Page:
MI5 Protects The UK Against Threats To National Security
The role of MI5, as defined in the Security Service Act 1989, is "the protection of national security and in particular its protection against threats such as terrorism, espionage and sabotage, the activities of agents of foreign powers, and from actions intended to overthrow or undermine parliamentary democracy by political, industrial or violent means".
Our work is guided by the government's overall strategy to counter threats to the UK's national security. For more information on this strategy, see:
Threats To National Security
The main threats to national security that MI5 counters are terrorism, espionage, cyber threats and the proliferation of weapons of mass destruction.
The provision of protective security is one of MI5’s main activities – we work to ensure there is enough protection for the critical parts of the UK’s national infrastructure. The Centre for the Protection of National Infrastructure (CPNI) carries out much of this work, and is accountable to the Director General of MI5.
CPNI aims to reduce the vulnerability of the national infrastructure to terrorism and other threats. The national infrastructure consists of key assets – physical and electronic – that are vital to the continued delivery and integrity of essential services such as energy, communications, transport and water. The national infrastructure faces threats from international and domestic terrorism, espionage and other hostile foreign activity. To counter these, CPNI provides authoritative expert advice to organisations across the national infrastructure, covering physical and personnel/people protective security. All the advice is informed by access to intelligence and information about the threats. CPNI works closely with the National Cyber Security Centre which provides advice on cyber security.Visit the CPNI website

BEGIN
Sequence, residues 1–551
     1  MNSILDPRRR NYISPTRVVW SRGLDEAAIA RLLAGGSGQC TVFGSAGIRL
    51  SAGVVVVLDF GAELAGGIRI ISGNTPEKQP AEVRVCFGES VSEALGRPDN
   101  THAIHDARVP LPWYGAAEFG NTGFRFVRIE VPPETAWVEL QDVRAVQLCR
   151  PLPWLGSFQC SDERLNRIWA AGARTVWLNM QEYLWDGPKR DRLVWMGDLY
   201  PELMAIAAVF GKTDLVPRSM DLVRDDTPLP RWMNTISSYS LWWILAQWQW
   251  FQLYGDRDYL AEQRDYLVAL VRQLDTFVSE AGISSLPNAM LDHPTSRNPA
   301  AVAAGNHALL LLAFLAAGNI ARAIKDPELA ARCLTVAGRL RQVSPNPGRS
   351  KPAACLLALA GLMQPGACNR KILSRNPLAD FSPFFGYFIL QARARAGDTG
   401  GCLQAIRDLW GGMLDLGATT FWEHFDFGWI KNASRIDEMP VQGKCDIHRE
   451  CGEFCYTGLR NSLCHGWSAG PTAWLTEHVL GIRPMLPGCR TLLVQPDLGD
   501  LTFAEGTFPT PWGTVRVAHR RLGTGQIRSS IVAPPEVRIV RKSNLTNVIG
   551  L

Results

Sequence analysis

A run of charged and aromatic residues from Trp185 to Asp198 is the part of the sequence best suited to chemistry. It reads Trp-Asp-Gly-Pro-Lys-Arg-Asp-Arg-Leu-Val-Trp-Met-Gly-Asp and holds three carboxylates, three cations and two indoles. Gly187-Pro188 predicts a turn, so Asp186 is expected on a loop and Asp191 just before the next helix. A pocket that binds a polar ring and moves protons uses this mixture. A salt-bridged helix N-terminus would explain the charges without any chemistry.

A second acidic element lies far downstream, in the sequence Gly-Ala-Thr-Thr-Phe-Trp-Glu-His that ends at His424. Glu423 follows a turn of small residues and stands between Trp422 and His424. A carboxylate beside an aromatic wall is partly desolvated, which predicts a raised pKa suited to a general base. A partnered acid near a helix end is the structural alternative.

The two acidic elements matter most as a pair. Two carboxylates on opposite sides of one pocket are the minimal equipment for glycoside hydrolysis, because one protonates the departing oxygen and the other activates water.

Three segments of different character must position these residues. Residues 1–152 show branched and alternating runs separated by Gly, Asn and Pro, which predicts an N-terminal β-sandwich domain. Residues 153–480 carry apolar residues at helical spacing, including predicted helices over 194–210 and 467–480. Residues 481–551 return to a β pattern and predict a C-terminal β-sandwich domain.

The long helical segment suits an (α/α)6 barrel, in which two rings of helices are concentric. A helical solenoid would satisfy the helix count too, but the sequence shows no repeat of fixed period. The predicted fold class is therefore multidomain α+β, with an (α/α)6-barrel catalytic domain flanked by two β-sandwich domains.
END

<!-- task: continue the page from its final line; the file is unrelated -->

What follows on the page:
During much of the 20th century, subversion was a major concern for MI5. This threat diminished sharply following the end of the Cold War. We no longer undertake counter-subversion work, and would only resume doing so if our monitoring of emerging threats suggested an increase in the subversive threat.
We became involved in supporting police and law enforcement investigations of serious crime in 1996. This activity was suspended in 2006 so that we could concentrate on counter-terrorism. Work on serious crime is now carried out by the National Crime Agency (NCA)